Random basketball links

Over the past few days I've encountered a number of links, I thought I'd share a few of the more interesting ones. You can also get more links and the first notification about new posts on Chicago College Basketball by following me on Twitter. Lots of links after the jump.

Onto the links:
  • Foxsports.com basketball writer Jeff Goodman ran down the Big East recently. The people at NBE Basketball took that rundown and did their own analysis off of it. Here's what they had to say about DePaul, "The staff changes will help Chicago-area recruiting, but the questions around how much longer can Jerry Wainwright hold onto a job after an 0-16 conference mark with a team returning likely to finish at the bottom again. Transfer (Ohio State) Eric Wallace is eligible, Mac Koshwal is likely to return to school, but the loss of Dar Tucker and lack of impact recruit doesn't signal a better season ahead."  (I'd argue that the loss of Tucker isn't that big a deal.)
  • Goodman went after Tucker in his recent Winners and Losers column about the NBA Draft. Tucker was #5 on the losers list. Goodman had this to say, "The athletic sophomore wing from DePaul should be embarrassed for leaving school early after his team didn't win a single Big East game last season."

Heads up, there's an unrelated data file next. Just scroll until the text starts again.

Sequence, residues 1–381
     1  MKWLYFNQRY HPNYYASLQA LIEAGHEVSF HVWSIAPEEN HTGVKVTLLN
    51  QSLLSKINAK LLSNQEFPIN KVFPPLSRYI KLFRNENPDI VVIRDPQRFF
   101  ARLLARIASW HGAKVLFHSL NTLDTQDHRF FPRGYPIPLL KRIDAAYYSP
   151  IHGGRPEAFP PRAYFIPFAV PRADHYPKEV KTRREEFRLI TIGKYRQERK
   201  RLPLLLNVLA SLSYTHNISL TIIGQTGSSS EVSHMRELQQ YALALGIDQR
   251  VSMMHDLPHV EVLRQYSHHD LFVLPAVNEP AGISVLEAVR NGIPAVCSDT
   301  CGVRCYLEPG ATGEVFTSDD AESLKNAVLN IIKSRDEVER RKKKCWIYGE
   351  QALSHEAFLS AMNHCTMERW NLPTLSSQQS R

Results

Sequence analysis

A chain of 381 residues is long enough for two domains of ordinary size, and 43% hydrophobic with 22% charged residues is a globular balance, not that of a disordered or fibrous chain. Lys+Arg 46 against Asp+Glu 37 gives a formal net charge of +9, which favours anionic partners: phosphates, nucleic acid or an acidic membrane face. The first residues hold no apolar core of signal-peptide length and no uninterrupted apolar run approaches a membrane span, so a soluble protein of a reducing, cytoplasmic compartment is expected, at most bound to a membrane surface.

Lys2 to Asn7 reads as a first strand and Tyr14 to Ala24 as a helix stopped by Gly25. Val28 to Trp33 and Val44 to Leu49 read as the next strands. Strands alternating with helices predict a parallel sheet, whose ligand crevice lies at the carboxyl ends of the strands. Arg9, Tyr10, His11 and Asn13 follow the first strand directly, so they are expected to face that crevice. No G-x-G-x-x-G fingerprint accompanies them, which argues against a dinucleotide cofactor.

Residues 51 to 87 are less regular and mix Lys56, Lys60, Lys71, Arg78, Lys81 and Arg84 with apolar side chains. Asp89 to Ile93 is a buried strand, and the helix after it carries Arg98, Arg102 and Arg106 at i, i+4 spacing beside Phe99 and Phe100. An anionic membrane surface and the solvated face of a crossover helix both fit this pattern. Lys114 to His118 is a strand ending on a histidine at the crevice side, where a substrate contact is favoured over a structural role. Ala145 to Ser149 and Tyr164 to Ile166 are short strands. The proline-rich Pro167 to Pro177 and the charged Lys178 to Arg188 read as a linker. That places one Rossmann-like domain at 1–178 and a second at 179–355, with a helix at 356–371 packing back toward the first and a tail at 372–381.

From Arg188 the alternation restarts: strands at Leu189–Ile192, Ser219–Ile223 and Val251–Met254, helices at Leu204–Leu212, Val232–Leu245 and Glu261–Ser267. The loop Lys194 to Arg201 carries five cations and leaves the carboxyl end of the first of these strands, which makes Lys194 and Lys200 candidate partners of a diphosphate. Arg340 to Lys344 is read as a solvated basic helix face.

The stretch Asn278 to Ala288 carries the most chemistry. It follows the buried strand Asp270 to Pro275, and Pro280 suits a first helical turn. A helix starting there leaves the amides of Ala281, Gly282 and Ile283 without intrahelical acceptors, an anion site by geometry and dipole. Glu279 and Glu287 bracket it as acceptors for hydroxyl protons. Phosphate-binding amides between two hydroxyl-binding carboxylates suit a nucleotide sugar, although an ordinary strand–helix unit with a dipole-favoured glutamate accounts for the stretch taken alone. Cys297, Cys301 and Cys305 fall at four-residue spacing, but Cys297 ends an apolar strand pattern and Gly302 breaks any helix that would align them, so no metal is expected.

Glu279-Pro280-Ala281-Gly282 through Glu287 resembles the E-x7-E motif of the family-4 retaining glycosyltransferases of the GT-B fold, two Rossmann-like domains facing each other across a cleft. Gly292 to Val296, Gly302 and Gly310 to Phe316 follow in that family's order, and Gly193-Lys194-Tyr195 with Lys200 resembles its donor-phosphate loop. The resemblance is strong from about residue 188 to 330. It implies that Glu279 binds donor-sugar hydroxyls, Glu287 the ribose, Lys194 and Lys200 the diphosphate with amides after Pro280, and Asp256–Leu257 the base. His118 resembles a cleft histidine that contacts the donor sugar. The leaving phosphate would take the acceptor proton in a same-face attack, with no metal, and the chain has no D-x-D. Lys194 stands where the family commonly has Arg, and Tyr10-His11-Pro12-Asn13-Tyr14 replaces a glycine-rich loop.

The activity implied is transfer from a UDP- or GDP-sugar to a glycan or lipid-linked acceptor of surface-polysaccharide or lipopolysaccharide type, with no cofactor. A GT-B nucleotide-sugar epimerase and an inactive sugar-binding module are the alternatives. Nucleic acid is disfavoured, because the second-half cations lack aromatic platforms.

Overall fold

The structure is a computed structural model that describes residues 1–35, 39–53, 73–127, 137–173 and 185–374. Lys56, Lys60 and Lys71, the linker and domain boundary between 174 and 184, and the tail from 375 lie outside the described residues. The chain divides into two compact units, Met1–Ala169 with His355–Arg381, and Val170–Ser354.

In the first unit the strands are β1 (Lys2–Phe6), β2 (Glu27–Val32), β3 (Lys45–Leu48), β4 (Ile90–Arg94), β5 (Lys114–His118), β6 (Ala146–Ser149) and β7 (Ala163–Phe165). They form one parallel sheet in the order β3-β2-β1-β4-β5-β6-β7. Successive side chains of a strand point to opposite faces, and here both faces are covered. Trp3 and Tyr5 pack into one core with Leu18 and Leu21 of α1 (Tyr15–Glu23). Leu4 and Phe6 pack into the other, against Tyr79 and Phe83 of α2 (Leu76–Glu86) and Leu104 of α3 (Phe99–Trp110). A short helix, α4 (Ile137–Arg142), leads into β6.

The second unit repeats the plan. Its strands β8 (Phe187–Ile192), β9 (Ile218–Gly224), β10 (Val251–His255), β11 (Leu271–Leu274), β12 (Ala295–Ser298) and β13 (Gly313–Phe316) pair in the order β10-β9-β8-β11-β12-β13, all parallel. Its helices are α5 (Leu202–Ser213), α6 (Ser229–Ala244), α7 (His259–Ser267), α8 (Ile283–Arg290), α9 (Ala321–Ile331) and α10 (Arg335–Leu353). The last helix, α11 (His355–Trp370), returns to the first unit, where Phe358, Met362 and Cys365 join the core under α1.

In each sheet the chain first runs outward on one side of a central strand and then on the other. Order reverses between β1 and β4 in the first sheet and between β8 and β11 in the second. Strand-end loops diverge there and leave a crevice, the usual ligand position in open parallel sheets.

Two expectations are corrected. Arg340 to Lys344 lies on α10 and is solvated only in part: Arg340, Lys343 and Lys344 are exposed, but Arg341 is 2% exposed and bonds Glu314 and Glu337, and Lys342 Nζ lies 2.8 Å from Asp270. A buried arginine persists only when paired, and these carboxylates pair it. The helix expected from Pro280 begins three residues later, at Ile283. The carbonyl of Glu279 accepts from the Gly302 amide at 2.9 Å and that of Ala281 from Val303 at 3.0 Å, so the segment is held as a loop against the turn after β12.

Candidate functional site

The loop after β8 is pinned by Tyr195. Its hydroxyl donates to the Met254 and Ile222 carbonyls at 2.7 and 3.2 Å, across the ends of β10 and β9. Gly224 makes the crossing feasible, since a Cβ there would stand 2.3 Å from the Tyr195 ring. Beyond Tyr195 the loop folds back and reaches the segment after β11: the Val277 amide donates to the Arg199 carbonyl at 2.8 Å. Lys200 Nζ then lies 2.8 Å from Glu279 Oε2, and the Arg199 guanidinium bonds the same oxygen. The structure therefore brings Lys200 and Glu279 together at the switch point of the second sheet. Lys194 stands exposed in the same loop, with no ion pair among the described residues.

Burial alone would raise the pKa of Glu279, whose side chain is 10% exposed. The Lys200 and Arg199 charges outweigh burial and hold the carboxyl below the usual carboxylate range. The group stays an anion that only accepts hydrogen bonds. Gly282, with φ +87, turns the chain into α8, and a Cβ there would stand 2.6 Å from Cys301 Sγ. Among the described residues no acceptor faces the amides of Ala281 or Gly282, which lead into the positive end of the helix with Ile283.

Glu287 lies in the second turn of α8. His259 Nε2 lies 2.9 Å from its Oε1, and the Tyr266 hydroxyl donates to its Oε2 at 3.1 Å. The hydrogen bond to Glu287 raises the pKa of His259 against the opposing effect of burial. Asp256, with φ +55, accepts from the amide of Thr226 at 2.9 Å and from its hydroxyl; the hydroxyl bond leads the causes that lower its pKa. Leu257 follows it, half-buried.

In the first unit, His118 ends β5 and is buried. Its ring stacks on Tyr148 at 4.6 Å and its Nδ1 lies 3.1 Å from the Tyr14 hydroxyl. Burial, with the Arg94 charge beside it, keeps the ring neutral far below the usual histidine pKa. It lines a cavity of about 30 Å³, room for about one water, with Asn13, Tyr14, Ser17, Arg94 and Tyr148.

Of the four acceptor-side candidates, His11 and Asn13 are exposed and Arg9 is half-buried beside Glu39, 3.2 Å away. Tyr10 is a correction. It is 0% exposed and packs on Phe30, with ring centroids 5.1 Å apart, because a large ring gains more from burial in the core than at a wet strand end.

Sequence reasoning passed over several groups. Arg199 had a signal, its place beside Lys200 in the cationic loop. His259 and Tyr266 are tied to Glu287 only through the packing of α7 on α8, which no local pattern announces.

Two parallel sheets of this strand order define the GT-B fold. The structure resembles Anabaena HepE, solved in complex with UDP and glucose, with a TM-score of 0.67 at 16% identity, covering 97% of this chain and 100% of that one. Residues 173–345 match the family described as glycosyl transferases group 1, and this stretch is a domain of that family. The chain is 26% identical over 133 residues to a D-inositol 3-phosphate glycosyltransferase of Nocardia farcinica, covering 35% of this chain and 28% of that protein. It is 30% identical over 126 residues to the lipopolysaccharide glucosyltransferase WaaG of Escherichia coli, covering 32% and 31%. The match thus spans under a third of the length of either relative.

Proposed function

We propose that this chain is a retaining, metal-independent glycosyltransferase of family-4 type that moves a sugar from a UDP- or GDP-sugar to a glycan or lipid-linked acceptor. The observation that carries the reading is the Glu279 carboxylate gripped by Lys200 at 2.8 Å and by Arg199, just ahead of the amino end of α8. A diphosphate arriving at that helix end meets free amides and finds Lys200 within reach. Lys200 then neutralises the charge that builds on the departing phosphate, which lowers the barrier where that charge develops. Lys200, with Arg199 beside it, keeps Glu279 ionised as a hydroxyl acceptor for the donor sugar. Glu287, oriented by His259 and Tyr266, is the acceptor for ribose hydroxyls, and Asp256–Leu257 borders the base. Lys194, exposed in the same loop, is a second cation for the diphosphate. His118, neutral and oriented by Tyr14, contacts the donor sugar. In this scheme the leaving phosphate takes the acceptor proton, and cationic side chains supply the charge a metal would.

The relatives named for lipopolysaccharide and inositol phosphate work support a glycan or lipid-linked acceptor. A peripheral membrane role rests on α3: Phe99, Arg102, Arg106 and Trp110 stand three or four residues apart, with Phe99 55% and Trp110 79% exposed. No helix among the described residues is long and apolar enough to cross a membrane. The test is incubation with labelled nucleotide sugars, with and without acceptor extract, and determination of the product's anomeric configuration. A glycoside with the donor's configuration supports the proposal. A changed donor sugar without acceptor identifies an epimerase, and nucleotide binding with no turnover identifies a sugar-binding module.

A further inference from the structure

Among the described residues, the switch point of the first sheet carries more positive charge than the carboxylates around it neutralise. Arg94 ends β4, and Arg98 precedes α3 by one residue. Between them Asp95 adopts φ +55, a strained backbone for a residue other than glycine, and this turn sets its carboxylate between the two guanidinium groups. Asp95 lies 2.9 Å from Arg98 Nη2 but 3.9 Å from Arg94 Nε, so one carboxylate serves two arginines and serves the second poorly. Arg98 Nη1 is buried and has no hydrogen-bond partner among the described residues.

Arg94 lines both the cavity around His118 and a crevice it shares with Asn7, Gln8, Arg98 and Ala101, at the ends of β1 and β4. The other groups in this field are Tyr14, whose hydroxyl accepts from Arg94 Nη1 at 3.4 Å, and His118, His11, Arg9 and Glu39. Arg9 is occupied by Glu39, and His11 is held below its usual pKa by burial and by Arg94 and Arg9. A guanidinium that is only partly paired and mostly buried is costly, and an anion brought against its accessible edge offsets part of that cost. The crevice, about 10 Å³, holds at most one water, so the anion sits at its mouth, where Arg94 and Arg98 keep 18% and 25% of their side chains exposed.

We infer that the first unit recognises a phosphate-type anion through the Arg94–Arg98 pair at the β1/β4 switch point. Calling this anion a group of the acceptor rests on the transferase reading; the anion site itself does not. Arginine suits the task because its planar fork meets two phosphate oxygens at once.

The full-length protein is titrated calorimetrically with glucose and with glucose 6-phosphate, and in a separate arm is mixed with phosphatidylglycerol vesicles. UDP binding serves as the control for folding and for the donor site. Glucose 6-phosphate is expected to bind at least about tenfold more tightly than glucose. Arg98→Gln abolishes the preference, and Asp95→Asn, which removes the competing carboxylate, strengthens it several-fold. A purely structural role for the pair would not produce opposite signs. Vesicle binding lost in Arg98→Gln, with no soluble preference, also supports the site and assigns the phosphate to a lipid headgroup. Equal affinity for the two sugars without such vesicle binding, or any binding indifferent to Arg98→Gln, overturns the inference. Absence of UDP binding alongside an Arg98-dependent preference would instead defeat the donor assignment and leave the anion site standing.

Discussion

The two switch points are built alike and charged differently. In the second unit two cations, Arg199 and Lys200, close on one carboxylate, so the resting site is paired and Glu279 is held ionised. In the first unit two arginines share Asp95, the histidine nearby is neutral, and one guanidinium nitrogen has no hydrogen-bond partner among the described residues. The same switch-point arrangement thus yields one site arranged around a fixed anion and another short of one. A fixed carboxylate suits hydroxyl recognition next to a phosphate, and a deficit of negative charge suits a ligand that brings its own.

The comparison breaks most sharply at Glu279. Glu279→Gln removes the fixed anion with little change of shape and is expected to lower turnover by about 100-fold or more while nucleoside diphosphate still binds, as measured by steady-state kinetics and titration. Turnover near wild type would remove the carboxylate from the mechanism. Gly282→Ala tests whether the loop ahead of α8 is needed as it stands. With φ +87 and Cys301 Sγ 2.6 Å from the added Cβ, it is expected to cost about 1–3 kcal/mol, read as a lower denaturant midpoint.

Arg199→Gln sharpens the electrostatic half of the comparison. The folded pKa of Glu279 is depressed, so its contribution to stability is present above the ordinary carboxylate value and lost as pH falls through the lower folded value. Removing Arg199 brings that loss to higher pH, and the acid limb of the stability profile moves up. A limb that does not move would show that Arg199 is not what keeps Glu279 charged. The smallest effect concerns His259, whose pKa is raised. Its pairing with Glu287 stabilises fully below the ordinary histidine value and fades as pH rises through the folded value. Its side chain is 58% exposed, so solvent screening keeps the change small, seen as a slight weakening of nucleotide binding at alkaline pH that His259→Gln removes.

• President Obama's senior adviser David Axelrod spoke at DePaul's graduation at Allstate Arena on Sunday. Even he felt the need to get a dig in at the fact that the Blue Demons play their basketball games way outside the city. According to the Sun-Times he said, "It's great to be home in Illinois, in the world's greatest city. I mean Chicago, not Rosemont."
  • In recruiting news, Alex Ritcher is getting some looks by a few Chicago-area programs. In fact, he intends to comes to Chicago sometime this summer to check out the campuses of DePaul, Loyola and Northern Illinois. Ritcher is a 6'6" forward from Lakeville, Minn. If you have a Scout.com subscription you can read about him here
  • I read two interesting articles recently about basketball statistics. The first was a piece in New Mexico's Daily Lobo about the frequency at which NBA games end in a tie. It turns out that Jeff Ely, a professor of economics and Northwestern, has done some research into the subject and found that ending in a tie is the most statistically likely outcome. (I'm sure the people at Bulls Confidential are sick of ties after their series against Boston.) If anyone knows of any similar research about college basketball, I'd be very interested.
  • Also, on Monday the New York Times ran an article about new technologies the NBA is testing that would give more accurate accounts on the game. Cameras placed around the arena could give teams more information about how close a player is to his man on defense or tell officials if a close play really was goaltending. This is some potentially exciting technology that all basketball fans should be aware of. 

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